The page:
Gil Hyatt’s patience has been tested. After a 22-year delay, the inventor received a patent in 1990 for what he called the first microprocessor, or a computer on a chip. After cutting a deal with Philips Electronics, he began collecting royalties on a lot of electronics products that used the fundamental technology.
In Silicon Valley and elsewhere, Hyatt was viewed as a carpetbagger, a man who created a “submarine patent” by continually following up his patent application with new details. He claims he was a diligent individual inventor who protected his rights. But after the controversial patent award, and after getting 75 patents, the patent office never approved one of his applications again.
More than 40 years later, Hyatt said his important applications are still in limbo. (The typical wait time is 18 months.) He has made at least $150 million from the Philips deal, but he said he is fighting for “justice.” The case took a twist in 2014, when news emerged that the U.S. Patent and Trademark Office had a special way of flagging potentially controversial patents.
The flagged applications went all the way to the leadership of the patent office, and they were often never granted by the office. The patent office called this the Sensitive Applications Warning System (or SAWS), and it operated in secret for decades, based on the results of 31 Freedom of Information Act requests and court discovery unearthed by Hyatt and his nonprofit American Center of Equitable Treatment. Hyatt — and even a former patent commissioner — called the SAWS flag a “scarlet letter.” Hyatt sued the patent office.
I interviewed Hyatt multiple times in the 1990s, and again four years ago. But now he’s 80 years old, and he has a new crusade against the patent office over SAWS. He believes the patent office is waiting for him to die, rather than granting him any more patents. Hyatt said that what he discovered in his legal fight is pretty alarming for all individual inventors. At least one other inventor, Corliss Burandt, found out that his application carried the SAWS flag, and Burandt is still fighting for issuance. I talked to Hyatt about this controversy again last week. The patent office declined to comment on Hyatt’s ongoing litigation.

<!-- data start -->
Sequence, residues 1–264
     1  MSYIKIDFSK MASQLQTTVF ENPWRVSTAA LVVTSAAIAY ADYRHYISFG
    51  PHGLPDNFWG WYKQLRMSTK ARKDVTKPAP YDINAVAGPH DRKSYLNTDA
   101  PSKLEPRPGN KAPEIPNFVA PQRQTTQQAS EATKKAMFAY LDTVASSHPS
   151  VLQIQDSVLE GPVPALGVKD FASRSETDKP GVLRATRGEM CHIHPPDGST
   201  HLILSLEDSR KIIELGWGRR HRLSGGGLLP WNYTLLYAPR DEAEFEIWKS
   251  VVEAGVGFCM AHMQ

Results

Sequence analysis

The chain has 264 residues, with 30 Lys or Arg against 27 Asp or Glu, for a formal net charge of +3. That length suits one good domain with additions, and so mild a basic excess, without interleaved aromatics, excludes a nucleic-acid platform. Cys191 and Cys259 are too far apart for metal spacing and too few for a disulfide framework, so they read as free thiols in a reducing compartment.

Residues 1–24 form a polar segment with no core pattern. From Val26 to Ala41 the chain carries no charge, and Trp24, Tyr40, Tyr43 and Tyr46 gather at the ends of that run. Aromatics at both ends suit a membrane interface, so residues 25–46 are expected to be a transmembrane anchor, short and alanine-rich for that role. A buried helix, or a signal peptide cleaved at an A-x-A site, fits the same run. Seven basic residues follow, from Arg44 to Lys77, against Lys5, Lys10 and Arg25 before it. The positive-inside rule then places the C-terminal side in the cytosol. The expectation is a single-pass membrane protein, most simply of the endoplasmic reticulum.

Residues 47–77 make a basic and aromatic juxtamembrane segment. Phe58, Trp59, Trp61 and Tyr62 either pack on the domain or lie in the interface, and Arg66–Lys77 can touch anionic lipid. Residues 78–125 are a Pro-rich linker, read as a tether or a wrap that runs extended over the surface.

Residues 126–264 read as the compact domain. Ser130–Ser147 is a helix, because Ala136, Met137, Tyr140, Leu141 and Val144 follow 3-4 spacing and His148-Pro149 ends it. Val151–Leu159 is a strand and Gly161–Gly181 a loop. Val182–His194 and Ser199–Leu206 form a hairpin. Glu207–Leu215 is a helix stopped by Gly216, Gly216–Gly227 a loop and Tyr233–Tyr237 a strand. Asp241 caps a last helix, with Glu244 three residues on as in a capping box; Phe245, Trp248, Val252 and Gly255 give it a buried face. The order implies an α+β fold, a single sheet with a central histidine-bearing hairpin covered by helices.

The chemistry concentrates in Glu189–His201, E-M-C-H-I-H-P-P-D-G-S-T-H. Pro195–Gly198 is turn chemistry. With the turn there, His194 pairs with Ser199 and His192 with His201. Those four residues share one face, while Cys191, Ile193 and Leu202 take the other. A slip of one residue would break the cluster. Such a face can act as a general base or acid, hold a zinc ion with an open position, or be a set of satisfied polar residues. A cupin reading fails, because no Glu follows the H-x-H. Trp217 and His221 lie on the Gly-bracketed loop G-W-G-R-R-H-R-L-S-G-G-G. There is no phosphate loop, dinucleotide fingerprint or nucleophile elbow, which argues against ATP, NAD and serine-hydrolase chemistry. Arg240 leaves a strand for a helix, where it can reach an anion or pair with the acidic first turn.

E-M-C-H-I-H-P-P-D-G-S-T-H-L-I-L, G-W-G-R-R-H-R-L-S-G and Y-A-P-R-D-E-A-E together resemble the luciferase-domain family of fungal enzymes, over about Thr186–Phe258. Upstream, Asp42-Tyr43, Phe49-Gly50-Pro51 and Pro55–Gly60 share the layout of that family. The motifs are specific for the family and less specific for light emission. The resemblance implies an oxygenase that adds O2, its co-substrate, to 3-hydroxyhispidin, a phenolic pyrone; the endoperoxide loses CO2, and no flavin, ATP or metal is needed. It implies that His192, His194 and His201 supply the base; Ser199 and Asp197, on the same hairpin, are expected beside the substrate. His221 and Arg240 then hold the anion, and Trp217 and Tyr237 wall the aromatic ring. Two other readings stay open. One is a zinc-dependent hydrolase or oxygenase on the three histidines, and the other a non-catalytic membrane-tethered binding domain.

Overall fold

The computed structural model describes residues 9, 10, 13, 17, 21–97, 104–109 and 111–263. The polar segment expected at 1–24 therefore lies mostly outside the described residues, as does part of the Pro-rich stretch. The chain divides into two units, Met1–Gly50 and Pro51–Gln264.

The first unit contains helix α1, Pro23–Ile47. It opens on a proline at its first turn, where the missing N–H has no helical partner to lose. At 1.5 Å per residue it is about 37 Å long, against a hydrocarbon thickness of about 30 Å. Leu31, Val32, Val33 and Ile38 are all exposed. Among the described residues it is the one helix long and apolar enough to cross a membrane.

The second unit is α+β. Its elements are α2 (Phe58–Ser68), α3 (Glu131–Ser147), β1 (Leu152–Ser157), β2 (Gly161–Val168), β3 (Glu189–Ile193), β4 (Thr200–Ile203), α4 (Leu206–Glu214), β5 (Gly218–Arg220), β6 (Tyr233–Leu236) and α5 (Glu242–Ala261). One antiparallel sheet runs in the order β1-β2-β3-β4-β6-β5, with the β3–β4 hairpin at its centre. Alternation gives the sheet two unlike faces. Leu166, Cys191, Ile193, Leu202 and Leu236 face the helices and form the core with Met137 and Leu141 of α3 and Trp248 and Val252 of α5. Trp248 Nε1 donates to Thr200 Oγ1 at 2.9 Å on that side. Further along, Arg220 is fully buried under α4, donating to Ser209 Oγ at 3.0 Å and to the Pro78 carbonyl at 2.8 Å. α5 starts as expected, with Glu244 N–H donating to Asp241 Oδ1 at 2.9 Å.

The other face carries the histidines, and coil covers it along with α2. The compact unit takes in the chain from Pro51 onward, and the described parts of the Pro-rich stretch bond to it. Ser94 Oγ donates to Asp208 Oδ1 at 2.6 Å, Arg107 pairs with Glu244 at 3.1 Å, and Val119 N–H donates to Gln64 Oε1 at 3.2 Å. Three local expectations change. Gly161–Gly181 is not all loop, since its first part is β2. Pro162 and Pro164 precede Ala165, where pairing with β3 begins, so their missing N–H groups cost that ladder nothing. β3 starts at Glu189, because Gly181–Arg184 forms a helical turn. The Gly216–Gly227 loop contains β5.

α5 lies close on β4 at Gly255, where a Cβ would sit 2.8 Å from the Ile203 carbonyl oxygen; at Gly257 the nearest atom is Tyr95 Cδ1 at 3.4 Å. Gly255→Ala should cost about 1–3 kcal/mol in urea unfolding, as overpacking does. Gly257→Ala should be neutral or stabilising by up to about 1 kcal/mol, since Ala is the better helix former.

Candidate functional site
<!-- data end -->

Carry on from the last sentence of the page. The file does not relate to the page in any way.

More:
Here’s an edited transcript.
VentureBeat: Could you walk me back and review some of the timeline of when big things happened with you? It was around 1990-ish or so, wasn’t it, that we first talked about the microprocessor patent? I was at the Los Angeles Times.
Gil Hyatt: Yes. It was 1990. Another one of my patents was widely licensed, and then — I had a lot of patent applications pending. There was a change in the law in 1995, with the GATT treaty. They grandfathered us old guys in, so I filed more patent applications dating back to the earlier inventions. They’re still pending right now.
VentureBeat: How long would you say some of your longest-running applications have been pending, then?
Hyatt: I just filed an appeal brief on a patent application that the patent office has delayed for about 40 years. That was filed back in 1977. About a year ago I filed an appeal brief on another patent application of mine that I filed in 1972, about 45 years ago. The patent office has delayed and delayed. I’m finally hoping to get to the board of appeals and to the courts to stop the delays and get my patents issued.
VentureBeat: How many would you say are granted now?
Hyatt: I have more than 70 patents granted. At some point in time the patent office unlawfully decided, no more patents for Hyatt. They were down on independent inventors, and I was a prominent independent inventor. For the past 25 years I’ve been trying to overcome that illegal rule that they had, and in fact I have a major case now filed in federal court, a mandamus case to order them to properly examine my patent applications.